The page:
study asserting a decline in breastfeeding in developing countries is based on
trends in Japan and among Indian immigrants to Britain.
developing nations don’t collect nationally representative data on breastfeeding
practices–and even if they did, anthropologists say, their methods
(questionnaires, surveys of women in clinics, etc.) wouldn’t elicit a truthful
picture. The few countries that have been studied by Western scientists are,
according to the American Academy of Pediatrics, "in no way representative
of the entire developing world." World Health Organization and World
Fertility Studies carried out in the 1970s found nearly universal (over 90
percent) breastfeeding among all classes in developing countries, except for
urban elites in some countries (and the urban poor in one country.) Still, a
study published in 1984 assessing the available data on breastfeeding trends and
infant health concluded that a "downward trend exists" in the 7
developing countries under consideration. But the study goes on to note that the
decline in breastfeeding per se is among elites; otherwise whatever decline was
discerned was in the duration of breastfeeding.
UNICEF’s 2000 State of the World’s Children report doesn’t provide statistics
segregated by socioeconomic class, it does report that about 2/3 of the infants
in sub-Saharan African and Asian countries, with the world’s leading infant
mortality rates, are breastfed. Medical anthropologist Dana Raphael, director of
the Human Lactation Center and author of a one of a handful of in-depth
anthropological studies of breastfeeding in the developing world , calls
UNICEF’s statistics "awful." "It is one of the great outrages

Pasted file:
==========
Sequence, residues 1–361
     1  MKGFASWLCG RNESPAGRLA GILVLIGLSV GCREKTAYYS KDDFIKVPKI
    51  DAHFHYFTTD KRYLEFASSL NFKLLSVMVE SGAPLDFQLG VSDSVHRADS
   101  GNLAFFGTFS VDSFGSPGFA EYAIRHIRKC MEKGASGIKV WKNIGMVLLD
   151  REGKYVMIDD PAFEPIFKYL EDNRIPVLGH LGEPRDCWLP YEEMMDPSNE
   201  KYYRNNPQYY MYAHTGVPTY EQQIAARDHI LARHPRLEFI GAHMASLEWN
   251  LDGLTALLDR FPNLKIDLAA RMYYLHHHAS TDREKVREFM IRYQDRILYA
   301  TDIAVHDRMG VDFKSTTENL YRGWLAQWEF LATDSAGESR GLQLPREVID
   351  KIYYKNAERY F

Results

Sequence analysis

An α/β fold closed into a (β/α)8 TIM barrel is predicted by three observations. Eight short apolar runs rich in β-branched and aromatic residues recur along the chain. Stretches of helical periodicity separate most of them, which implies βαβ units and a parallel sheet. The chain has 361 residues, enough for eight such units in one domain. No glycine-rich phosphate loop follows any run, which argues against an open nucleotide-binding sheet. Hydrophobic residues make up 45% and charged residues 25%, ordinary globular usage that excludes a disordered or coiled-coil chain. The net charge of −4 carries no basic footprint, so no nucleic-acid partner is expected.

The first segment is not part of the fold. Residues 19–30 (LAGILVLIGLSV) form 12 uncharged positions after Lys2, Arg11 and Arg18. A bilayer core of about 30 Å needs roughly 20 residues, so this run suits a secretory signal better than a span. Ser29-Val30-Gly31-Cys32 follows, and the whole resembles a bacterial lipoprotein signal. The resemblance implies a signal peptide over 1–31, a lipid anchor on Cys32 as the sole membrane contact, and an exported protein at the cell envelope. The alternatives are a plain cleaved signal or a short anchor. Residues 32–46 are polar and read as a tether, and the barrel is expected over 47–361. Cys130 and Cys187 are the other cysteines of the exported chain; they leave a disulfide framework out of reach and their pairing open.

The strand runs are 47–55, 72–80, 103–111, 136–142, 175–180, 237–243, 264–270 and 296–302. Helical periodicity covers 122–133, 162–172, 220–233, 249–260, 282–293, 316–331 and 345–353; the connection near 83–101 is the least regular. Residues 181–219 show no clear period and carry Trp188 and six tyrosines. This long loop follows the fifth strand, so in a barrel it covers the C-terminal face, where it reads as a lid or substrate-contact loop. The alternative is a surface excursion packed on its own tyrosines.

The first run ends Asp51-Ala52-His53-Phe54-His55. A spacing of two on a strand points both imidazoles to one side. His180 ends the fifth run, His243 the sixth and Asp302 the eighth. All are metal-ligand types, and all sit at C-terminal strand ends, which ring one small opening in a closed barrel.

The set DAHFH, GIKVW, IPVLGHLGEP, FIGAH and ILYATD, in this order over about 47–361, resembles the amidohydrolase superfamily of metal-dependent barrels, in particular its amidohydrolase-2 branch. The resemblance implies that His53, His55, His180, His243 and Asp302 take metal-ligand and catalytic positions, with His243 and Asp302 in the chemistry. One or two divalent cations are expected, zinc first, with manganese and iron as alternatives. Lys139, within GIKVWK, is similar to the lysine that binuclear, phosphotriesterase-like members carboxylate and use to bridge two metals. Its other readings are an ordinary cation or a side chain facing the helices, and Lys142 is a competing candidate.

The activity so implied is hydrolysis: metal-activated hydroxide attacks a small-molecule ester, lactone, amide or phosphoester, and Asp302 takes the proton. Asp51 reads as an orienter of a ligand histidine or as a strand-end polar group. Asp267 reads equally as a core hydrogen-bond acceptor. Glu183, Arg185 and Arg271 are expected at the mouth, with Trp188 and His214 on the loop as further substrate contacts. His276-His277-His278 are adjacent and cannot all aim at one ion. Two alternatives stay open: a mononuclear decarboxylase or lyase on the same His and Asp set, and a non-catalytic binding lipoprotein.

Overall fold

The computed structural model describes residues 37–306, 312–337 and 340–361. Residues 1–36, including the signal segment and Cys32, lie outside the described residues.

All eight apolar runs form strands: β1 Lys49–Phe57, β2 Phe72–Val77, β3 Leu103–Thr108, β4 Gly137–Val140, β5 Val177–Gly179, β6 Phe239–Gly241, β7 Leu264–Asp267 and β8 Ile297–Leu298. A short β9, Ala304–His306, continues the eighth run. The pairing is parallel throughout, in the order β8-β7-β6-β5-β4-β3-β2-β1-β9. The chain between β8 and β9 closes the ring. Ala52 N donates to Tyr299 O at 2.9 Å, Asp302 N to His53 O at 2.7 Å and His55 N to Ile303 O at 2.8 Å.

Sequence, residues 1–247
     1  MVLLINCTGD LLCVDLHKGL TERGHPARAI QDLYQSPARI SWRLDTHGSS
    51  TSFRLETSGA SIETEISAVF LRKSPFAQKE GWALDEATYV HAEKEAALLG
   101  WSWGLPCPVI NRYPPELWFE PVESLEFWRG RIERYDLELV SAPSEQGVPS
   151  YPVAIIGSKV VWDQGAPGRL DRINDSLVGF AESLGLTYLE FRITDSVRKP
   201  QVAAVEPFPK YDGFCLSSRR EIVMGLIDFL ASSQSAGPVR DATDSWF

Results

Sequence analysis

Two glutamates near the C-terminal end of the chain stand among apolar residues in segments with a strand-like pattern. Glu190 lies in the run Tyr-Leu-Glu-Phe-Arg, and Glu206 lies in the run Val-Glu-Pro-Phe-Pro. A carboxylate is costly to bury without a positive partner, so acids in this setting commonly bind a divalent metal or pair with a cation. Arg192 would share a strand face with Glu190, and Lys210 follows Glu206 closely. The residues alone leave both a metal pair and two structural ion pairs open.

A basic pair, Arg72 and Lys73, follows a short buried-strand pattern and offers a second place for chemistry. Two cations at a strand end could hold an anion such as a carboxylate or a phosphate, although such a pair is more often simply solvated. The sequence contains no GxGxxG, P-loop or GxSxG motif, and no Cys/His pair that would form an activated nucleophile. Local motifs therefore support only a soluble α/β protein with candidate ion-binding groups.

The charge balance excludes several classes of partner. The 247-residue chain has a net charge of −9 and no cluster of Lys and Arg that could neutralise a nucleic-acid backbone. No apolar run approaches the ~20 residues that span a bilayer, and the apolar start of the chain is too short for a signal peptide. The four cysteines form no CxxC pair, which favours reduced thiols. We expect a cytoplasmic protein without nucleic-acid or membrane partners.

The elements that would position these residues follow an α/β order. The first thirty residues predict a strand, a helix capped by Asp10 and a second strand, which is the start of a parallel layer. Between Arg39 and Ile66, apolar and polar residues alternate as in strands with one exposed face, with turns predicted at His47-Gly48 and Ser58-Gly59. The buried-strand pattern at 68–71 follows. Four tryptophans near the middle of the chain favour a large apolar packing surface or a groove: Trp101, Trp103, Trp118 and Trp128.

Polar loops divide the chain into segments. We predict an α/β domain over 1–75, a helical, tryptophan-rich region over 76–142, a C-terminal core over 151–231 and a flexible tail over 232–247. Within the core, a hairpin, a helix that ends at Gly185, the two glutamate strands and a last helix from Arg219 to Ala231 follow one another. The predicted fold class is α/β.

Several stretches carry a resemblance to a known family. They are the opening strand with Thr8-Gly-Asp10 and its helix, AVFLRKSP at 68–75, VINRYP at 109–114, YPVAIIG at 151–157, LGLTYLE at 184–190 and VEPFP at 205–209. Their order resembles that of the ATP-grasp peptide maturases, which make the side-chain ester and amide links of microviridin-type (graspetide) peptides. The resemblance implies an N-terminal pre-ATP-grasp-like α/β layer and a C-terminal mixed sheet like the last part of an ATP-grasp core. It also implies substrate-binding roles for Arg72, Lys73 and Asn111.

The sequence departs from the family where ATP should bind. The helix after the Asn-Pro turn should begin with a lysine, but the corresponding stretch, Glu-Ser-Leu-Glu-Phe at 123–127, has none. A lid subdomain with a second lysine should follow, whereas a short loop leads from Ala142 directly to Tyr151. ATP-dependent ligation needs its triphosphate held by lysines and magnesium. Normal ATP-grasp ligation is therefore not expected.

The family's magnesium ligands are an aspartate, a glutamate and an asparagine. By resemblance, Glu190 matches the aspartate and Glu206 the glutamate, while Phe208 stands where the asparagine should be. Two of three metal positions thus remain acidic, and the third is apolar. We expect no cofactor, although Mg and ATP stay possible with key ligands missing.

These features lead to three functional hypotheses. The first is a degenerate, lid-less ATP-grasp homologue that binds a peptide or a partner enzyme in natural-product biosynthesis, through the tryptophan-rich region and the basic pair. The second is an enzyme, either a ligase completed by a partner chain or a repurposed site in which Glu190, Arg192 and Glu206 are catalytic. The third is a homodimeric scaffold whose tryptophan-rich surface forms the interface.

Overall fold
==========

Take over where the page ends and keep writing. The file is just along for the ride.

that these huge organizations all over the world make these statements,"
she said in an interview. "They have no idea" how women are actually
feeding their infants.
is the author of the classic 1976 book on breastfeeding, The Tender Gift, in
which she popularized the term "doula" to refer to the woman who
"mothers the mother" while she is breastfeeding. These doulas, Raphael
found, were crucial to successful breastfeeding. They take on the mother’s
workload in the first few months of the newborn’s life, so women have the time
necessary to recover and nurse their infants. In her anthropological studies of
6 traditional and urban-poor cultures, she found that nursing women often hailed
from breastfeeding cultures, where various rituals and traditions give new
mothers extra time, extra food, and extra help during the first months of her
new baby’s life.
also found, conversely, that when women moved into situations where those
rituals and traditions were not practiced–in economies that are being
transformed by immigration, urbanization, and industrialization–the duration
and occurrence of breastfeeding drops radically. These non-breastfeeders were
not "infatuated with consumerism and technology" as breastfeeding
advocate Naomi Baumslag and others would have it. On the contrary, they were
poor and struggling. They had to work outside the home in order for their
families to survive. They didn’t have family nearby or available to help with
childcare or with their other responsibilities. They lived in places where they
couldn’t strap the baby to their backs and take them to their jobs as maids,
waitresses, or in the factory. For these women, the availability of adequate
alternatives to breastmilk–condensed milk, powdered milk, and milk
formula–meant they were able to keep their babies alive. (Raphael and others
also found that women living under scarcity–in poverty or disaster
conditions–universally breastfed their infants, as no other options were
available, and finally and most significantly, that women have been feeding
infants foods and drinks other than breastmilk, even in the first few weeks of
life, for centuries.)
women who don’t breastfeed, or who wean their infants early to meet their own
needs–surviving in an industrialized, global economy within dislocated,
changing cultures–face an onslaught of moral opprobrium. They will kill their
babies! development officials say.
my next commentary, I’ll look at the campaign against infant formula and how
globalization and industrialization impact the politics of breastfeeding.